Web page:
@ 2001 Cath Trindle – Published in the CSGA newsletter – Vol 19 #4 April 2001. Permission to copy this page is granted with inclusion of this permission notice.
Before uploading any item to the internet it is important to stop and ask, “Do I have the right to publish this item?” Posting to the internet is a form of publication and all copyright law applies. So think:
- Did this item come from a published work? Is that work covered by a copyright?
- Did the item come from a non-published source? If so who owns the source? Do you have permission to share the information from the creator or owner of the source, or was it given to you solely for your own use?
Some items that we might not tend to think of as being covered by copyright laws are letters, journals and email. However, the authors of those items are entitled to full copyright privileges and permission is necessary to share them.
Some permission can be implied. If you write or email other researchers and tell them that you are planning to publish a family history, you can probably assume permission to use their information if they send it with no stipulation. That does not excuse you from the duty to fully source that same information. However, if you write or email the same researchers and state you are just looking for your family information, you should obtain permission before you use their information in a publication or post it on the web.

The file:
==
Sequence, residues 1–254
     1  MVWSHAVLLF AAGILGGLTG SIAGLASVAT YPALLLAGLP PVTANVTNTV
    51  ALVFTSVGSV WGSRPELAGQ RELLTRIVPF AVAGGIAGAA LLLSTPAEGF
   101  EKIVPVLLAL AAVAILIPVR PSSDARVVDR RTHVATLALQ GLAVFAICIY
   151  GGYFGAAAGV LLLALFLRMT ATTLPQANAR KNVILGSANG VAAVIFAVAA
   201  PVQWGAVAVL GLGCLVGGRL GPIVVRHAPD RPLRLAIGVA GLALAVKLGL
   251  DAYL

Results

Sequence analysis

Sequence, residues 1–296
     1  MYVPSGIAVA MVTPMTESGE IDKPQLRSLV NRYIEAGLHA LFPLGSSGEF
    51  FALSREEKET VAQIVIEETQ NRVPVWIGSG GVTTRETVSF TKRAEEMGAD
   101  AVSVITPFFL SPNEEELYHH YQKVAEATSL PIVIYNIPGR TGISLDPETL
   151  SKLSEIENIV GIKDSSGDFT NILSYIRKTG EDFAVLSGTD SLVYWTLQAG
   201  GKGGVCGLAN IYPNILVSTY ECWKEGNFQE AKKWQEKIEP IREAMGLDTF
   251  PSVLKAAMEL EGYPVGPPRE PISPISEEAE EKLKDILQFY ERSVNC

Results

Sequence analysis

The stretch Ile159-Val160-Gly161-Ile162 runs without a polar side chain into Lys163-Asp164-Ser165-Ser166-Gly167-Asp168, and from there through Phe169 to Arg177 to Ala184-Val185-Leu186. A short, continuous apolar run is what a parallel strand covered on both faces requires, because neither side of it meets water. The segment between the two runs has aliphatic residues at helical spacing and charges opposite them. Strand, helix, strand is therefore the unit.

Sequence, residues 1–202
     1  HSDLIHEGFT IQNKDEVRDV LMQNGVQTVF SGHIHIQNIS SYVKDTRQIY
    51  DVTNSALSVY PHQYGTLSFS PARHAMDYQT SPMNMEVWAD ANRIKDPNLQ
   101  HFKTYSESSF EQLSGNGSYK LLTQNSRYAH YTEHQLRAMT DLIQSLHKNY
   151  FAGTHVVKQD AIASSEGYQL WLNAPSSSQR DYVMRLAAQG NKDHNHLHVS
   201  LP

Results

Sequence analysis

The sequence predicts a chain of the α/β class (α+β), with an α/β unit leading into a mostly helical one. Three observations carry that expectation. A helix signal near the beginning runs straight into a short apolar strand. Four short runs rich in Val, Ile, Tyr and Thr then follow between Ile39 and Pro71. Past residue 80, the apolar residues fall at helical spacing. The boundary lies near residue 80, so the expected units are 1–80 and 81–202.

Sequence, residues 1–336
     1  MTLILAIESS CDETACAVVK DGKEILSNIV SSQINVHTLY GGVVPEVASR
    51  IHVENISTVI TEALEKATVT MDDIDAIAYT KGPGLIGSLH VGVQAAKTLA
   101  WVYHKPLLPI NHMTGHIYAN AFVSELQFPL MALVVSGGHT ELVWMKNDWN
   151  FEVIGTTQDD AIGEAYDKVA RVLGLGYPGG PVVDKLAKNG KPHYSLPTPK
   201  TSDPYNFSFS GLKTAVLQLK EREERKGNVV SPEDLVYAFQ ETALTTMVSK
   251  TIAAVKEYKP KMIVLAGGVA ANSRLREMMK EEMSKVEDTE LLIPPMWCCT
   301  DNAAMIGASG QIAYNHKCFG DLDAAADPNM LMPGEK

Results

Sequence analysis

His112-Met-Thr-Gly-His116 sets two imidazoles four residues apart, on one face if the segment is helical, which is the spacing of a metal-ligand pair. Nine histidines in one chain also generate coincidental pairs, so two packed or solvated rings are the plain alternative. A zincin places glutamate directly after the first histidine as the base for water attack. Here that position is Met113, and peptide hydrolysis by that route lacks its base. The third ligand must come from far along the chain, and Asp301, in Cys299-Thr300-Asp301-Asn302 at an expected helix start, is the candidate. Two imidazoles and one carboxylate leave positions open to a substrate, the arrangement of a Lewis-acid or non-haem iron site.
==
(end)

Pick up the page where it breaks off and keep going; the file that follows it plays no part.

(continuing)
It doesn’t matter whether your motive is to share exciting information with others or achieve financial or social gain, if you do not have the right to publish, you do not have the right to post an item on the internet.